Speaking of stupid: there I was one year almost to the day after my first abortion when it happened again. I was puking my guts out 24/7, only this time I knew what was going on almost immediately – within 48 hours – after once again having unprotected sex. How could this happen!? Oh right, I had unprotected sex. What the what? I had been counseled about going on the pill by the very nice people at Planned Parenthood yet stupidly insisted that I would not ‘fall’ again. I would meet Prince Charming or at least I knew, I hoped, that I would meet a man who respected me enough to work with me as my partner on this, who would have a stake in being ‘safe’, in protecting both of us, even in this, circa 1985, vaguely innocent, nascent AIDS era.
As I write this, my former naiveté both pains and amuses me. Men, in my experience, don’t feel particularly responsible for birth control; after all, they don’t get pregnant, they don’t go through morning sickness and they can’t at bottom relate to women’s sexual and reproductive experience in any way, shape or form. Similarly, I can’t relate to the pain of, for example, erectile dysfunction, although I empathize: gosh, that’s gotta suck, not my problem though, and there’s a shitload of meds the expense for which, unlike abortions, almost every single insurance company in these great United States will cover in full. So, sure, I feel for you but I can’t really, truly, feel your pain. How could I? I don’t have a penis and by the way, Mr. Freud, I don’t and never did want one either – although I am almost 100% sure that men, the vast majority, want breasts. This inability to fully know what it means to be a man because I am not one is yet another reason why I wish men, all men, would shut the fuck up about abortion. You cannot relate, you cannot know, boys, so shut up unless you will, without reservation, support abortion, sex education and rational thought on the subject of human sexuality as in a one-hundred-eighty-degree turn from the policies of conservative America.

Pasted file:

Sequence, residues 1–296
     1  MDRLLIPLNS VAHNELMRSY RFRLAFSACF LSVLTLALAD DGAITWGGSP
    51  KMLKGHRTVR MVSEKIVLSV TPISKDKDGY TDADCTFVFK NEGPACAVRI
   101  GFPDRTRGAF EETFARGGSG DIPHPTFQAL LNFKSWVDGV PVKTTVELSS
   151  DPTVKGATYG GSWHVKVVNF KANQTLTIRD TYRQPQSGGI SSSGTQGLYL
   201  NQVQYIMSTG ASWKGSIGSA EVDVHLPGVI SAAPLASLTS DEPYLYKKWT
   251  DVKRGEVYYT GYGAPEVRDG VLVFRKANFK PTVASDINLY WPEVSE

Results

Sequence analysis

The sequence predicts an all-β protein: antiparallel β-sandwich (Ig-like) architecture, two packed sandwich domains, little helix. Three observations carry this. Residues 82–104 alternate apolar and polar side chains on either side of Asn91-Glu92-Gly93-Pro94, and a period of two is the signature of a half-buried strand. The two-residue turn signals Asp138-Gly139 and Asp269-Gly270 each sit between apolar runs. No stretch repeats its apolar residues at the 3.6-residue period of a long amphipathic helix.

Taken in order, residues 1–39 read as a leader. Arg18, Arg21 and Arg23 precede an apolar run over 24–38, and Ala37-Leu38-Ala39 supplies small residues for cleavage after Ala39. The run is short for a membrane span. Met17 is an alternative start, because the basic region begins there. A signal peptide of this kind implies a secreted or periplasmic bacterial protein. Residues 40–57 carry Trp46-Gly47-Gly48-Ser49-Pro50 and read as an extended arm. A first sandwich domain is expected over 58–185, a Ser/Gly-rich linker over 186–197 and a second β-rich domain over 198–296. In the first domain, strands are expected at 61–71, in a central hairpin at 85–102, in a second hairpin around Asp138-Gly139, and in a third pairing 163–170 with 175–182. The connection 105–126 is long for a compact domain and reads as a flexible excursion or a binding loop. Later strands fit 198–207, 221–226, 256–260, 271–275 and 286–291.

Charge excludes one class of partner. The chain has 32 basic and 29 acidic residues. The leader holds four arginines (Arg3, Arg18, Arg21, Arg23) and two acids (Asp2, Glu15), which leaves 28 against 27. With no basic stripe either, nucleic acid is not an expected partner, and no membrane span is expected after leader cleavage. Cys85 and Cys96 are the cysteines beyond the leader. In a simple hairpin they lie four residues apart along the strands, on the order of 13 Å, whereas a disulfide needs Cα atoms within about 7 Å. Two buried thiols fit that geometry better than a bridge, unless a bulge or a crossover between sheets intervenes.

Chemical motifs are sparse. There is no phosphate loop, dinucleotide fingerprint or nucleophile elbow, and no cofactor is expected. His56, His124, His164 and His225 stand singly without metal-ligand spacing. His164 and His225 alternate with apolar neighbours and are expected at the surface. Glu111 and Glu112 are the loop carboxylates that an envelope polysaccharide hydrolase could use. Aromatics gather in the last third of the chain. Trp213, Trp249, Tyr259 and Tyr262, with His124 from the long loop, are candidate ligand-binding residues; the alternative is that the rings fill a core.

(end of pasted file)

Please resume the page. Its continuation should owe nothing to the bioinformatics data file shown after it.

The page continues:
And so yes, it happened again. I became pregnant for a second time. I was young, arrogant, stupid, naïve and I continued to be in denial about who I was and what I hoped to be, which was still – even, unbelievably, post-abortion numero uno – a young woman who was a virgin when she married. This defies logic, intelligence and reason, but we are unreasonable, insane even, when we cannot be who we are without shame. Ah, now there’s a word: shame. It is shaming to not know how to be who we are, and to be completely ignorant about something as essential as our bodies, our sexuality, ourselves. It is shaming to have false, impossible ideals held up as the only way to be when our own nature calls us to another way. My darling dad was a horny devil, an appreciator of women for his entire life and I am like him, a horny devil who cannot not appreciate a sexy man; I just cannot do it and I love, love, love, love, love sex. That’s a naturally occurring part of who I am. Now my dad was, as per my mom’s pronouncements, also a virgin when they married. Uh, nope. I found this out right after my mother died when talking to him about one of his grandchildren, a wonderful young woman then ‘living in sin’ with her fiancé. Living in sin was my mother’s characterization had she still been alive to say it and say it jokingly but, in that way when our jokes reveal our innermost and truest thoughts and beliefs. So, there you have it, my dad had kept his silence, again, as prior to going overseas with the Army, he’d visited a few ‘ladies of the night’ in NYC and, as he so succinctly put it, ‘Thank God I did, otherwise no one would have known what to do on our wedding night!’